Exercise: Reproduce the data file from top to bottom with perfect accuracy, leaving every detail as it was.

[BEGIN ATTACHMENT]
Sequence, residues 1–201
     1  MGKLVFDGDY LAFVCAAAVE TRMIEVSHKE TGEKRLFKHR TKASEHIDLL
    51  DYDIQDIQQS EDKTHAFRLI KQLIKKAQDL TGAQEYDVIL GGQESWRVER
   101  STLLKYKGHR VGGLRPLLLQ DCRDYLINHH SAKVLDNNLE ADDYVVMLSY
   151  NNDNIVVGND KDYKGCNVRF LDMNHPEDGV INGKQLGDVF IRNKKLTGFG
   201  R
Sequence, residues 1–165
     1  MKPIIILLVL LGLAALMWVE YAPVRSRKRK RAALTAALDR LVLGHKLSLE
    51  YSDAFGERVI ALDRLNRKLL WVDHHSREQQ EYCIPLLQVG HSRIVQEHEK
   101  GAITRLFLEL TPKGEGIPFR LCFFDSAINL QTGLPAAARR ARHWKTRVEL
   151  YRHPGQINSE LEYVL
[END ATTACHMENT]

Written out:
Sequence, residues 1–201
     1  MGKLVFDGDY LAFVCAAAVE TRMIEVSHKE TGEKRLFKHR TKASEHIDLL
    51  DYDIQDIQQS EDKTHAFRLI KQLIKKAQDL TGAQEYDVIL GGQESWRVER
   101  STLLKYKGHR VGGLRPLLLQ DCRDYLINHH SAKVLDNNLE ADDYVVMLSY
   151  NNDNIVVGND KDYKGCNVRF LDMNHPEDGV INGKQLGDVF IRNKKLTGFG
   201  R
Sequence, residues 1–165
     1  MKPIIILLVL LGLAALMWVE YAPVRSRKRK RAALTAALDR LVLGHKLSLE
    51  YSDAFGERVI ALDRLNRKLL WVDHHSREQQ EYCIPLLQVG HSRIVQEHEK
   101  GAITRLFLEL TPKGEGIPFR LCFFDSAINL QTGLPAAARR ARHWKTRVEL
   151  YRHPGQINSE LEYVL